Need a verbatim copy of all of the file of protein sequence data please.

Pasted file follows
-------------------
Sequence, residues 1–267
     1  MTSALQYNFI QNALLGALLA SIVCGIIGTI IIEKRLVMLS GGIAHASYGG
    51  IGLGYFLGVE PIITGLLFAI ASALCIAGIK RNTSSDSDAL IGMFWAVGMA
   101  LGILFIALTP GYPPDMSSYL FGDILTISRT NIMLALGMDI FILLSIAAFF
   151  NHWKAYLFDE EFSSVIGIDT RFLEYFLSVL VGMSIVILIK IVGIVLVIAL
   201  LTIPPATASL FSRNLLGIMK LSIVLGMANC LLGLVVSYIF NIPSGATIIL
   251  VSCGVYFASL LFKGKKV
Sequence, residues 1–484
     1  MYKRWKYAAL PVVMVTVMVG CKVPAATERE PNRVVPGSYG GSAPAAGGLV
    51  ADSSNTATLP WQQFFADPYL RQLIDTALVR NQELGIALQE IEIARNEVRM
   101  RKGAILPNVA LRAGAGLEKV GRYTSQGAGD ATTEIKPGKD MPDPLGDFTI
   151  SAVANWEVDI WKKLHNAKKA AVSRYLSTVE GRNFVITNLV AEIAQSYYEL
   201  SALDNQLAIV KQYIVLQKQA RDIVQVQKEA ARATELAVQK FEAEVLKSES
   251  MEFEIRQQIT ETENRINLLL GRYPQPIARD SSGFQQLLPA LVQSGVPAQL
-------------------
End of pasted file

Sequence, residues 1–267
     1  MTSALQYNFI QNALLGALLA SIVCGIIGTI IIEKRLVMLS GGIAHASYGG
    51  IGLGYFLGVE PIITGLLFAI ASALCIAGIK RNTSSDSDAL IGMFWAVGMA
   101  LGILFIALTP GYPPDMSSYL FGDILTISRT NIMLALGMDI FILLSIAAFF
   151  NHWKAYLFDE EFSSVIGIDT RFLEYFLSVL VGMSIVILIK IVGIVLVIAL
   201  LTIPPATASL FSRNLLGIMK LSIVLGMANC LLGLVVSYIF NIPSGATIIL
   251  VSCGVYFASL LFKGKKV
Sequence, residues 1–484
     1  MYKRWKYAAL PVVMVTVMVG CKVPAATERE PNRVVPGSYG GSAPAAGGLV
    51  ADSSNTATLP WQQFFADPYL RQLIDTALVR NQELGIALQE IEIARNEVRM
   101  RKGAILPNVA LRAGAGLEKV GRYTSQGAGD ATTEIKPGKD MPDPLGDFTI
   151  SAVANWEVDI WKKLHNAKKA AVSRYLSTVE GRNFVITNLV AEIAQSYYEL
   201  SALDNQLAIV KQYIVLQKQA RDIVQVQKEA ARATELAVQK FEAEVLKSES
   251  MEFEIRQQIT ETENRINLLL GRYPQPIARD SSGFQQLLPA LVQSGVPAQL